Getting Attached to Code: Don't

Hey.

It’s been a while. I haven’t kept the promise of posting more often, but I’ve been busy with my latest project.

I started on San Andreas Battle Royale without a proper plan in place (the first mistake). My first commit to the project was an authentication system that I intended to scale into a website (think of a user dashboard, where players could change their attire and view their statistics) using SQLite (the second mistake). This authentication system was already too spaghetty for my liking, but I was motivated to continue.

Shortly after, I started working on the matchmaking system inspired by another member of the San Andreas Multiplayer community. Below is a preview of the matchmaking system:


// 10 players needed to start a game.

#define MIN_PLAYERS 10

enum E_GAME_STATE {
    GAME_STATE_WAITING,
    GAME_STATE_COUNTDOWN,
    GAME_STATE_ONGOING,
    GAME_STATE_FINISHED,
}

new Iterator:gamePlayers[MAX_PLAYERS];
new gameState,
    countdown = 90;

// Whenever the server is started, we set the game state to GAME_STATE_WAITING.
public OnGameModeInit() {
    gameState = GAME_STATE_WAITING;
}

// Whenever a user clicks the "Play" button seen below, his ID is added to the gamePlayers iterator. I'll exemplify this with a command.

cmd:play(playerid, params) {
    if(gameState == GAME_STATE_WAITING || gameState == GAME_STATE_COUNTDOWN) {
        if(!Iter_Contains(gamePlayers, playerid)) {
            Iter_Add(gamePlayers, playerid);
        } else {
            Iter_Remove(gamePlayers, playerid);
        }
    }
}

// To check if the minimum amount of players was met, I had this function running in a 1000ms timer, repeatedly.

OnGameModeUpdate() {
    switch(gameState) {
        case GAME_STATE_WAITING: {
            if(Iter_Count(gamePlayers) >= MIN_PLAYERS) {
                gameState = GAME_STATE_COUNTDOWN;
            }
        }

        case GAME_STATE_STARTED_COUNTDOWN: {

            // Decreasing the countdown (default value: 90seconds) by one each second.
            countdown--;

            if(Iter_Count(gamePlayers) < MIN_PLAYERS) {
                gameState = GAME_STATE_WAITING;
                countdown = 90;
            }

            if(countdown == 0) {
                gameState = GAME_STATE_ONGOING;
            }
        }

        case GAME_STATE_ONGOING: {

            // Clean the user's screen.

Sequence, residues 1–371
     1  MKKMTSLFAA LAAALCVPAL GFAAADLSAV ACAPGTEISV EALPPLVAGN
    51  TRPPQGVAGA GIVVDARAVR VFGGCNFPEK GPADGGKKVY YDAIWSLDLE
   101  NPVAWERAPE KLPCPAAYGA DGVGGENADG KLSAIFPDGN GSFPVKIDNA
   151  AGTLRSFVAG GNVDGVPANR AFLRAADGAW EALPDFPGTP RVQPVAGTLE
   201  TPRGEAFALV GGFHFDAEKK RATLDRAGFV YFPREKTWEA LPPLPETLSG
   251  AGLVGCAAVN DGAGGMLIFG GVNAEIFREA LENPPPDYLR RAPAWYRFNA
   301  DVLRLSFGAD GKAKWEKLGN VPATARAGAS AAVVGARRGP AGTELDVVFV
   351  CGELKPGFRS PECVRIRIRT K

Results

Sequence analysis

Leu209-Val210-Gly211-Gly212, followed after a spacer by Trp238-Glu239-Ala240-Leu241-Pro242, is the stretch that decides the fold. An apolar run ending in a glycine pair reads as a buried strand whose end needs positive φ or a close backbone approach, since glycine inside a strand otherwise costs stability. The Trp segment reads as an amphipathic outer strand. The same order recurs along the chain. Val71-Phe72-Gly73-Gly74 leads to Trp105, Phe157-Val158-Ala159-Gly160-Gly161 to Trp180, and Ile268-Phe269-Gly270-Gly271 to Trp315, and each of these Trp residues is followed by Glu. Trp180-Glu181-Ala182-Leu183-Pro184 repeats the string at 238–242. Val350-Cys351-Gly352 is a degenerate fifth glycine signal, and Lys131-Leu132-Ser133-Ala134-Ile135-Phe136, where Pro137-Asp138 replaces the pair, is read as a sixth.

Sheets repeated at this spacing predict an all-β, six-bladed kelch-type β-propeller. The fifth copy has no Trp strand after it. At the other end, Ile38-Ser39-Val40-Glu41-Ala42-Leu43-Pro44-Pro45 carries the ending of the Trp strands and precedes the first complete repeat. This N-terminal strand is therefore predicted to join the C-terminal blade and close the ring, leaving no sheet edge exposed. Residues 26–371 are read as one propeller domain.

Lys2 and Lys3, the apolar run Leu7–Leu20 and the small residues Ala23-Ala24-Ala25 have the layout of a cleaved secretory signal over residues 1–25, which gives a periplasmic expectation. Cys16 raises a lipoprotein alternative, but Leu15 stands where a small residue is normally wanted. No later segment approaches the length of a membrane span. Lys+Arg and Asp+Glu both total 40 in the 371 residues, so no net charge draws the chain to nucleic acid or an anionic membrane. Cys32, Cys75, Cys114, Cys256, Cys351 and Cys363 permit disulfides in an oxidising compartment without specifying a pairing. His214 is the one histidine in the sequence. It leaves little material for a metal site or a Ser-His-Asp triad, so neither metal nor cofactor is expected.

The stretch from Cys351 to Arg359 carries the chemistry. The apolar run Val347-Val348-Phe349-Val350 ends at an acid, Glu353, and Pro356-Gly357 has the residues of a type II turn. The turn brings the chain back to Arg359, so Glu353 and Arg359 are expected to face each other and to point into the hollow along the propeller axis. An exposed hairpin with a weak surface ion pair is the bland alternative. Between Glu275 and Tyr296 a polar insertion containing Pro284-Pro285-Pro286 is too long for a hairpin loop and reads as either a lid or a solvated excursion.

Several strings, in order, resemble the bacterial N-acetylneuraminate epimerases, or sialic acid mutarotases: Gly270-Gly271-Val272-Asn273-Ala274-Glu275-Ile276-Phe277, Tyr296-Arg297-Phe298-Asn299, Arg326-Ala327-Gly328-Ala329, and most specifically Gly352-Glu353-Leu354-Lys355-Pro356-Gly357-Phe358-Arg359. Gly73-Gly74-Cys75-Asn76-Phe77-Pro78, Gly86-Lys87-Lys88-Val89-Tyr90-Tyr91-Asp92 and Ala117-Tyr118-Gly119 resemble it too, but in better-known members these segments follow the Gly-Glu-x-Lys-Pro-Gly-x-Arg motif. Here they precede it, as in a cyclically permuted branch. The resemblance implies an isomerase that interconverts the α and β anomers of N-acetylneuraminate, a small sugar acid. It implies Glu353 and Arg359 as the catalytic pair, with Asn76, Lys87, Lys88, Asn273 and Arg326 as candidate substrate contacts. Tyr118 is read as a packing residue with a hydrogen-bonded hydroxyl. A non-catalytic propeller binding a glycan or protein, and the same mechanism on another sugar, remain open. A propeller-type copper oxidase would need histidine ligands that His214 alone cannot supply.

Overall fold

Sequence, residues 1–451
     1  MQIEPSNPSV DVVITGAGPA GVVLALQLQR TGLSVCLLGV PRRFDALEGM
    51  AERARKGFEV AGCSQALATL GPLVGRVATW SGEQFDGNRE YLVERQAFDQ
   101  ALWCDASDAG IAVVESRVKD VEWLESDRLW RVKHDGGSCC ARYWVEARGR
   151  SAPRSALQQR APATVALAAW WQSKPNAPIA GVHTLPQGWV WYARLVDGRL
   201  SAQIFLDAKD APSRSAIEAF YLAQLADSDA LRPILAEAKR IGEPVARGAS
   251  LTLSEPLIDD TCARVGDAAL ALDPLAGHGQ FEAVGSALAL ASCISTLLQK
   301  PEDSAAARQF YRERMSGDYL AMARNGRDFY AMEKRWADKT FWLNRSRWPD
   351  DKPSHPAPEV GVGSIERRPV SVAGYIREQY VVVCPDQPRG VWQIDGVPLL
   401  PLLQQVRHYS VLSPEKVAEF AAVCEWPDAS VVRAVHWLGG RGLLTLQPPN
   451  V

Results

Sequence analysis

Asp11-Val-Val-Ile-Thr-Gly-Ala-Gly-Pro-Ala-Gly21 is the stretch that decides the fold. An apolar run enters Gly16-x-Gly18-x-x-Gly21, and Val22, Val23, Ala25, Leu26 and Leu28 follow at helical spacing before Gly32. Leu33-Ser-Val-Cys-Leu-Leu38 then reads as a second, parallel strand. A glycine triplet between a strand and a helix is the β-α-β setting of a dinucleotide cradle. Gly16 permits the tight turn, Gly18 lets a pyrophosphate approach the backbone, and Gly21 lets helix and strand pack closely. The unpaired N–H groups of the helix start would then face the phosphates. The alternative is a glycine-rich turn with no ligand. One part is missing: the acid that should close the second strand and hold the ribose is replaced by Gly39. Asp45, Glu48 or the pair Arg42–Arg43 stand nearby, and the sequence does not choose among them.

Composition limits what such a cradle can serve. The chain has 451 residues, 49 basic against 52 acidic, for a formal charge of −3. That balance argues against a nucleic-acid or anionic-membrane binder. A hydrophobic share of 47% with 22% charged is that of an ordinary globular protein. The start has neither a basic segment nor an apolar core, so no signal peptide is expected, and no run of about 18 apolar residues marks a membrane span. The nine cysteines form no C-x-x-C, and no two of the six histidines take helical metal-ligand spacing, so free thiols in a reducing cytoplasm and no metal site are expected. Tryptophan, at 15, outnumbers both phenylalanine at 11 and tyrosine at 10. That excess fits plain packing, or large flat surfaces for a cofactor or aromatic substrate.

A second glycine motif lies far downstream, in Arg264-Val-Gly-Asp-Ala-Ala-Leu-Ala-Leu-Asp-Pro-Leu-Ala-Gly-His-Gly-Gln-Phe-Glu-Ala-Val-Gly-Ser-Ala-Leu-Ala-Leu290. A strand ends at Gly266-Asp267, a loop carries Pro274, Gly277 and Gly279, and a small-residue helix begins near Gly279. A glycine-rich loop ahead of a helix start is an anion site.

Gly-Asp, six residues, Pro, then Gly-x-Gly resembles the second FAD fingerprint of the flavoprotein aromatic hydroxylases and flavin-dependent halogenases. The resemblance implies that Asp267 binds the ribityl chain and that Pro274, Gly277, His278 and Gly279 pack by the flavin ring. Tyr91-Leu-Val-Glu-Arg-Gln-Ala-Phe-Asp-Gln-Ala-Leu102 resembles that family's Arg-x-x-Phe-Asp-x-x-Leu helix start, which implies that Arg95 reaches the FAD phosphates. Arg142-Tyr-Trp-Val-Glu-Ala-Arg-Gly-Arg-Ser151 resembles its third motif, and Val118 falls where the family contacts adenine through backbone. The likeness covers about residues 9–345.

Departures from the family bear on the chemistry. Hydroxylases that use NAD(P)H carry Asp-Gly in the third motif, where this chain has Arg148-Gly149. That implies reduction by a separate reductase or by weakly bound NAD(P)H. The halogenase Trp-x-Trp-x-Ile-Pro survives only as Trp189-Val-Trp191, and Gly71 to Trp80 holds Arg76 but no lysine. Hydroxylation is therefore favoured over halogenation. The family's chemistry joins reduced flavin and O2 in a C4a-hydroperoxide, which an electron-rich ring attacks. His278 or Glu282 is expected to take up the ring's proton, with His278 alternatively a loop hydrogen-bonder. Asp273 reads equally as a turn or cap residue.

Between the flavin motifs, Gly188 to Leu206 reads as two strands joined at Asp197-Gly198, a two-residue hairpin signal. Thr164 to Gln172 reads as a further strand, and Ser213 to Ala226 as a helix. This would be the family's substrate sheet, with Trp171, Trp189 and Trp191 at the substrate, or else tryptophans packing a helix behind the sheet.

// Put the user in a plane.
            // ...

            if(Iter_Count(gamePlayers, 1)) {

                // Finish the game as there's only one player left.
            }
        }
    }

    return 1;
}

// Working with player's deaths.
public OnPlayerDeath(playerid, params) {
    if(gameState == GAME_STATE_ONGOING) {

        // Remove the player from the iterator which contains players that are in a game.        
        Iter_Remove(gamePlayers, playerid);
    }
}

If you’d like to see a preview of what I had up to this point, click the image below.

Preview Preview of San Andreas Battle Royale authentication and matchmaking.

I wasn’t too unhappy with the way the way things were working, but it was when I started to branch out of solo mode that I realized that I couldn’t continue working with such a messy code. At this point, I had probably put over 14 hours of work into this project and I was quite happy about picking up Pawn again and doing something cool with it — but that wasn’t enough to stave me from deleting the entire project and wanting to start again.

Thing is: I haven’t started again yet. It has been four or five days since I trashed the entire project and I started to write everything I wanted to do with this project on a text file: ideas.txt — how convenient. Despite that, I still have this feeling of attachment to the code that I spent hours working on, but I don’t regret a tiny bit deleting everything. It is part of the process. Building software is a craft, one which you only acquire through years of practice. Despite being part of the process of learning how to build software, you should never hesitate to do a full rewrite of your product/project if it’s in an early stage. If you’re in an advanced stage of the project (specially if it’s commercial software and close to being finished) and dislike the way you’ve crafted the software: ship it and then start gradually fixing the codebase.

I haven’t started work on this project again because it has been distracting me from this blog and I seriously want to do some cool stuff with this blog, therefore I’ll probably put it in the idea box only to get back to it later on this year. For now, I want really really want to start writing more cool stuff to this blog. I have a few cool ideas written down, but I’m not going to promise that you’ll hear from me very very soon again: but I sure hope you do. I’ll do my best to make that a reality!

Thanks for reading this. This almost feels like me talking more about my project and what to do if you get attached to code than why you shouldn’t get attached to your code, but the essence of this whole post is that you shouldn’t get attached to your codebase just because you have spent a lot of time on it. Write code with a plan and you probably won’t run into this issue.

Happy coding.